Exercise Science Center construction postponed
BRIDGEPORT — Construction of the Raymond Stewart Exercise Science Center inside the Bridgeport Exempted Village School complex is being delayed until spring.
Gus Kayafas of Kayafas Architects of Wheeling made the proposal to postpone construction of the more than $400,000 project to members of the district’s board of education during its regular meeting last week. He cited several reasons, with added construction costs during the winter months and less interference with the school day topping the list.
Kayafas said in a letter to the board that details of the construction documents and various engineering aspects are now in progress. “Due to the delay in acquiring the flood plain appeal, our schedule along with our consultants created a bottleneck with other projects that had to be completed. We anticipate the drawings and bidding specifications will be completed by mid-November,” he wrote.
“The drawings then can be sent out for bid and to the state simultaneously and construction could commence in December and continue through February,” he said. “Although construction projects continue all year long in this area, the drawbacks to this construction period are the cold weather climate, snow and various associated messes, and the added costs for winter protection.
“The option to start construction in the spring of 2018 is very appealing,” he continued. “Bidding could occur in late January, with bids due in February and construction commencing April 1.”
The board unanimously accepted his proposal.
“We just ran into a situation where the variance granted by the Belmont County Flood Appeals Board took a little time and we don’t want to rush the project. We know the project will turn out to be a fantastic addition to the school. It will benefit students and staff for generations to come,” Superintendent Zac Shutler said. “Knowing that, we thought it was better to be prudent with the project and make sure we do it right and make sure we talk to all the stakeholders.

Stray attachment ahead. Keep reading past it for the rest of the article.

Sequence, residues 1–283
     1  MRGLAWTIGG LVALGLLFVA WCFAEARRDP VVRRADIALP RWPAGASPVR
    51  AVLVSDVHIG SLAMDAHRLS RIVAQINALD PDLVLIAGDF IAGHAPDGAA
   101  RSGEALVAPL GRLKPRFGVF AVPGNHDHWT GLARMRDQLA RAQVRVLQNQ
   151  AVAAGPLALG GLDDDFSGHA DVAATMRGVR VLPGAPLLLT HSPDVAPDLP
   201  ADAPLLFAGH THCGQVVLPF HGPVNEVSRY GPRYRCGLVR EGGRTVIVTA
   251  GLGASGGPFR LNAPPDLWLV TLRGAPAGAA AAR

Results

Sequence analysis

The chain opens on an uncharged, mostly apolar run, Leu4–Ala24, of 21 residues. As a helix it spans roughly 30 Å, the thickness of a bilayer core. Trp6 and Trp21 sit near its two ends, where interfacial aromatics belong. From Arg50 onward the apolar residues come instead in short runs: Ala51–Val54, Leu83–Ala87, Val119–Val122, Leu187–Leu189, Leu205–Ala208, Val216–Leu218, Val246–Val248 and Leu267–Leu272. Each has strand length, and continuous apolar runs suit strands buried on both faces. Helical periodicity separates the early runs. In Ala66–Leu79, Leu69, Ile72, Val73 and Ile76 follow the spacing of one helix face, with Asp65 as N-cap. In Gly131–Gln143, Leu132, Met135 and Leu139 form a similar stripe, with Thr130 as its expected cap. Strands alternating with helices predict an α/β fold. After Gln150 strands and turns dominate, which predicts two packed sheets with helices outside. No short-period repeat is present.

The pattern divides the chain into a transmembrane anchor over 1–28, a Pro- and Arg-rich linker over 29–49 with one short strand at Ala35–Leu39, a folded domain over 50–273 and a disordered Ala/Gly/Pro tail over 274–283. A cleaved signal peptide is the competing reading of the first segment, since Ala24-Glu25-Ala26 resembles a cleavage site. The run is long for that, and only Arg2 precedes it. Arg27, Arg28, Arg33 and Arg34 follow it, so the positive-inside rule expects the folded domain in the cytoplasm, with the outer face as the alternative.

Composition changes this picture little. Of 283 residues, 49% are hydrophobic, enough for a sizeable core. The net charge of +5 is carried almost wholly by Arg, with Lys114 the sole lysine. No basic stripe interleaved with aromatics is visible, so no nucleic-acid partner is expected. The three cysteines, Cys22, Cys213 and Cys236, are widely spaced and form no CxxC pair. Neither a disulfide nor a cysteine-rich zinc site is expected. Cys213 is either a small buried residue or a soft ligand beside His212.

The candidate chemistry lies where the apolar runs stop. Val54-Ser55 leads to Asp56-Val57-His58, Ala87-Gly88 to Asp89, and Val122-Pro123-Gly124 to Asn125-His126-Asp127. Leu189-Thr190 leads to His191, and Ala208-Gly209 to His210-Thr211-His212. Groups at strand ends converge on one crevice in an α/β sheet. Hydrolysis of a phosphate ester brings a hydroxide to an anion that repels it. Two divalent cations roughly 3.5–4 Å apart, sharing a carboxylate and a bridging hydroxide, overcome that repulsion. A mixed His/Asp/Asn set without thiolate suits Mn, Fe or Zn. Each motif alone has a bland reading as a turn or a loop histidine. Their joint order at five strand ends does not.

“We also need to make sure we have all the right equipment for the room when it’s built,” Shutler added. “A little slower approach will avoid the winter construction and added costs, as well as the mess that comes with it. That’s an added bonus.
“We all know that good things take time and this is one of those projects that is going to take a little more time than we had planned, but the lasting benefit will make us forget about how long it took. We’ll just remember how good it is for the school.”
Kayafas said he would like to set up meetings with all the various stakeholders, including the fitness program coordinator, in order to fine tune some of the requirements relating to the educational components of the space such as intercom, data, etc.; white or dry erase board, video or TV; acoustics; seating and student work spaces; special equipment criteria requiring power; and specialty flooring considerations and finishes with maintenance staff.
He said if construction gets started in early April it should be completed by the start of the 2018-19 school year.
“That’s our goal,” he said.
The approximately 2,000-square-foot structure will be built in the courtyard adjacent to the cafetorium. It is the result of a donation by Stewart, an alumnus who went on to be a very successful patent attorney in Washington, D.C.